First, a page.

Tag Archives: yoga sutra

Using modern technology to learn ancient teachings: an app review


I called “uncle!” The kind you call when your older brother has you in a wrestling hold when you are a kid. After my cassette tape player broke, I was forced to try learning the yoga sutras via Youtube. Although there are beautiful selections of chants on Youtube, most are so fast that you cannot learn them step by step. I was forced to seek other methods. Since you cannot summon a Sanskrit scholar to sit and teach you like in olden times (at least not without having to travel to India), the next best recourse is an app.

One fellow blogger guided me to Patanjali’s Yogasutra by TKV Desikachar. This sells for about six bucks on iTunes. What sold me on this app is that Desikachar himself said that while this is a good start, this should only be considered a very basic introduction to the sutras. In other words, he is not promising you the moon like other apps.

Desikachar is the son of  T. Krishnamacharya. Krishnamacharya taught both Pattabhi Jois and BKS Iyengar. Desikachar’s daughter Mekhala leads you through the chants. The novel part of learning via the app is the simplicity of just pressing one button to have the chant repeat. I find that it is helpful to listen to the chant 20 times without any other intentions except to listening to the beauty of the line. Then I try to repeat parts.

This app has two speeds: classical and simplified. The simplified is slower and breaks each sutra into easily digestible parts. The app also lays out the Padas (chapters) in an easy to access format.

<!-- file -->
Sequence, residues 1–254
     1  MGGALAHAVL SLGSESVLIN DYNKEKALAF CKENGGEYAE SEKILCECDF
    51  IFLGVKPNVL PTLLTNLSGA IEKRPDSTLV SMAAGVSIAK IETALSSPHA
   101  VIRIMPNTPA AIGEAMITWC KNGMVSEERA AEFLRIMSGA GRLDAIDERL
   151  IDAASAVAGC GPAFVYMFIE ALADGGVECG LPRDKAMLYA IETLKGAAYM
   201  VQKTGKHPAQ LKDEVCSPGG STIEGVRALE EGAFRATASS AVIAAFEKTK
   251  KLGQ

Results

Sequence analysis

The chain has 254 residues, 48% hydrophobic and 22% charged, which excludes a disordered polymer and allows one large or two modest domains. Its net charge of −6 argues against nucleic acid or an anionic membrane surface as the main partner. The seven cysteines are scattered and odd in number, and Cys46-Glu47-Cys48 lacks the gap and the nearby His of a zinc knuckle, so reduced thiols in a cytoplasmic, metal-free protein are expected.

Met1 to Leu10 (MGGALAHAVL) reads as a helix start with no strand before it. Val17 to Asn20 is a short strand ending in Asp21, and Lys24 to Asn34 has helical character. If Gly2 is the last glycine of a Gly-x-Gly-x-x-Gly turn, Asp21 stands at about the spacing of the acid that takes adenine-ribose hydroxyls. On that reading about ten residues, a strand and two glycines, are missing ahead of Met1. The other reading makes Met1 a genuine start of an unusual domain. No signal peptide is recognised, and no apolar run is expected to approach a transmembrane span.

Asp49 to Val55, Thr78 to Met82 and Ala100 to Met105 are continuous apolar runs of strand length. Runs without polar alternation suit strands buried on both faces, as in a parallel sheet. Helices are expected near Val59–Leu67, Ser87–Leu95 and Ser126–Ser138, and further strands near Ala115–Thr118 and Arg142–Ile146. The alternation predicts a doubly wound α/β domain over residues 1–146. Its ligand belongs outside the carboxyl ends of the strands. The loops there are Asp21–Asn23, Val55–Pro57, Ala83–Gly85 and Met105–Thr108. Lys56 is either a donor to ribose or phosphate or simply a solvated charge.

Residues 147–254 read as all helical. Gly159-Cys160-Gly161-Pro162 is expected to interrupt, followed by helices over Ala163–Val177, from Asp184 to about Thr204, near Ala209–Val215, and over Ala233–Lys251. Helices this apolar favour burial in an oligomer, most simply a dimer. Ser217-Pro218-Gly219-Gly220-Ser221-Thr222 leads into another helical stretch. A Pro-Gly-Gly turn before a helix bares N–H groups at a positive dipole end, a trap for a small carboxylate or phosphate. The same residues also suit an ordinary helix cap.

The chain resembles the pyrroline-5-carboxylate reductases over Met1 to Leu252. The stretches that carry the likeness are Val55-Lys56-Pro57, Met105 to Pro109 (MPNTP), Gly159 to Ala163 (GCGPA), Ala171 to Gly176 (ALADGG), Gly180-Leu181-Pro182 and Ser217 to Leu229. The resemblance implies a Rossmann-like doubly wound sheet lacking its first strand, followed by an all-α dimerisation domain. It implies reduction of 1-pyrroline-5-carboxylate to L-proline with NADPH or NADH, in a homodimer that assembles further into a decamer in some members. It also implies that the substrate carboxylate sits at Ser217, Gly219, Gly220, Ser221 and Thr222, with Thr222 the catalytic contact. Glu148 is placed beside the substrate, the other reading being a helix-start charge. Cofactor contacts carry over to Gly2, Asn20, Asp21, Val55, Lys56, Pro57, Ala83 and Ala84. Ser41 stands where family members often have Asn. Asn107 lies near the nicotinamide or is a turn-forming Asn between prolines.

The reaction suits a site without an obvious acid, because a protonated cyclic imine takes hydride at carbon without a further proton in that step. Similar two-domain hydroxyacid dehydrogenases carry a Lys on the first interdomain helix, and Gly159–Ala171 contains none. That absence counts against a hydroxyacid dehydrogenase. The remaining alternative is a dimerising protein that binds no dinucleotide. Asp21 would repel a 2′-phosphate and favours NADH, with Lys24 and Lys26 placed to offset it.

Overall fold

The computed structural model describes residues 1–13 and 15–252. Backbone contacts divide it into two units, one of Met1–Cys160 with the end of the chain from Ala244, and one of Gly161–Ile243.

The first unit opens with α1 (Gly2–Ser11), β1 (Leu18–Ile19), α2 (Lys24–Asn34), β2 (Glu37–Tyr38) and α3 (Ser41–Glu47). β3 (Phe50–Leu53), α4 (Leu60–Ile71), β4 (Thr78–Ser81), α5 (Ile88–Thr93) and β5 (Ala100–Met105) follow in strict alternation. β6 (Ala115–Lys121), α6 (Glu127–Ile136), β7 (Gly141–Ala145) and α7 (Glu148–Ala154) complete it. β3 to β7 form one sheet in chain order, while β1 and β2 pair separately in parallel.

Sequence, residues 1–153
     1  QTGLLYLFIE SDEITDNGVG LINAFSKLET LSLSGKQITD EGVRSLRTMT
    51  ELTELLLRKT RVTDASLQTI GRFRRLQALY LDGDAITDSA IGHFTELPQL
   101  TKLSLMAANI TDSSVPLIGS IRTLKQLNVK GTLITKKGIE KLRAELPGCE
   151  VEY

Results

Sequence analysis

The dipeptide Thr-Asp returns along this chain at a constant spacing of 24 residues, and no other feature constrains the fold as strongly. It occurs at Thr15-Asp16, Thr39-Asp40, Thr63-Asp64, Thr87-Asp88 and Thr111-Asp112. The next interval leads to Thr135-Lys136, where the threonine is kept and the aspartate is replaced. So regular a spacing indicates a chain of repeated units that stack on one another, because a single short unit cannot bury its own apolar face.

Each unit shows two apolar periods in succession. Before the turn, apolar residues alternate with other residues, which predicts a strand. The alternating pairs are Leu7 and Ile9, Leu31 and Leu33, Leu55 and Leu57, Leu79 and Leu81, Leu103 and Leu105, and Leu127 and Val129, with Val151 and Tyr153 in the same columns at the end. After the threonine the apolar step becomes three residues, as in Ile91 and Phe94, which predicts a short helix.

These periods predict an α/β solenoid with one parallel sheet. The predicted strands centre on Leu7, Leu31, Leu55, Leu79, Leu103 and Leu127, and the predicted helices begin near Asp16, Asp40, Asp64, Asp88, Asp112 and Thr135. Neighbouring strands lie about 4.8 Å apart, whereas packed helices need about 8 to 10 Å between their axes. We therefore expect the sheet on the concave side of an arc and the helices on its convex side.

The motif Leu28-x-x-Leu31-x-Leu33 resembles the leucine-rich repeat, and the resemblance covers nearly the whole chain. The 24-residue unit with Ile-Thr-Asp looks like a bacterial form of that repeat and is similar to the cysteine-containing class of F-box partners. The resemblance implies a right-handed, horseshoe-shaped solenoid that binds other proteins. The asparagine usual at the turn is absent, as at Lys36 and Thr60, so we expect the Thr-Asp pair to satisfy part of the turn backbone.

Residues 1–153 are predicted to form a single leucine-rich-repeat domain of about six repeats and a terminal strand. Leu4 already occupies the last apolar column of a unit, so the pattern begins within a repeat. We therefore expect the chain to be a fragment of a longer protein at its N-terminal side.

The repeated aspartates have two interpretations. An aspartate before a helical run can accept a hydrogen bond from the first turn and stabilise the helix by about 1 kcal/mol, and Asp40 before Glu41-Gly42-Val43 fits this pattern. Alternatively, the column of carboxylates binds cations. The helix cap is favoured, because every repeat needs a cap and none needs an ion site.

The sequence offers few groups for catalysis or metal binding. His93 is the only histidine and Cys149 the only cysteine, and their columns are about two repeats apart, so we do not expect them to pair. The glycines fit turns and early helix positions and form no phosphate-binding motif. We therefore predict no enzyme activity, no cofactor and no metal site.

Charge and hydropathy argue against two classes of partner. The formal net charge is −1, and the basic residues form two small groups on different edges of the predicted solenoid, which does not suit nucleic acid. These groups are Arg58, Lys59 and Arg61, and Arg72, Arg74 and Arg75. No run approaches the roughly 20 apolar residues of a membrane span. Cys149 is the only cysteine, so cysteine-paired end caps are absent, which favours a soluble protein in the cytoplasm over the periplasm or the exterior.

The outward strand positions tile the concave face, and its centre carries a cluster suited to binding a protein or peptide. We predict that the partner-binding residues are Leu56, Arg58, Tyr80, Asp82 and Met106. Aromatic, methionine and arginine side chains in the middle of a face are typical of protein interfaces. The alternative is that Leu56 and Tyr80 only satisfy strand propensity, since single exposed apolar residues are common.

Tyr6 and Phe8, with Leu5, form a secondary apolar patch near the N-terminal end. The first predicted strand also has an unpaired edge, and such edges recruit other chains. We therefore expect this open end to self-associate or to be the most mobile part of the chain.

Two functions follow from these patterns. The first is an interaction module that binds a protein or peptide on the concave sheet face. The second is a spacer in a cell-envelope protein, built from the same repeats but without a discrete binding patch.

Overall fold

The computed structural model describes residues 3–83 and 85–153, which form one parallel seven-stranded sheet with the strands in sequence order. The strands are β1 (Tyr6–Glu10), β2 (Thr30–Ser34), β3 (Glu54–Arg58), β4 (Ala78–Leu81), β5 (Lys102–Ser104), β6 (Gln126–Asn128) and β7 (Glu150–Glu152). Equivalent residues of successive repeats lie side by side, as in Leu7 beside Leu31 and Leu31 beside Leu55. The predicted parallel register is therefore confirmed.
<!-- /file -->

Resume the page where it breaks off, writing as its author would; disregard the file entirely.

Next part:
The few downsides to this app are that Mekhala’s voice can be a bit adolescent sounding and that starts to be an issue after repeating a line many times. It would have been nice if TKV Desikachar would have chanted them himself. Also, the verses are written in one straight unbroken line, so it is difficult to read along when you chant.

Three weeks into my sutra study, I am on line 8. I am continuing to enjoy this learning process. Thank you Swtspontaneous for the tip!!

Chasing rainbows…the never ending quest to attain perfection in asana


Winter is Hawai’i’s rainy season, and there are rainbows to be seen daily during one’s commute. While my wife was driving over the Pali Highway, I was lucky enough to see this low flying rainbow and snap a photo. This rainbow would disappear and reappear around every bend. It was a delicate play of light and speed to be able to capture this rainbow on film, ultimately for a fleeting moment before we hit the tunnels leading to the Windward side.

This dance with the rainbow reminds me much of my daily yoga practice. I have certain postures that elude me. I have glimpses of the posture, but the reality of how my body is today and the vast chasm in between. Patanjali says in Sutra 11.47:  Prayanta saithilya ananta samapattibhyam or “Perfection in asana is achieved when the effort to perform it becomes effortless and the infinite being within is reached.”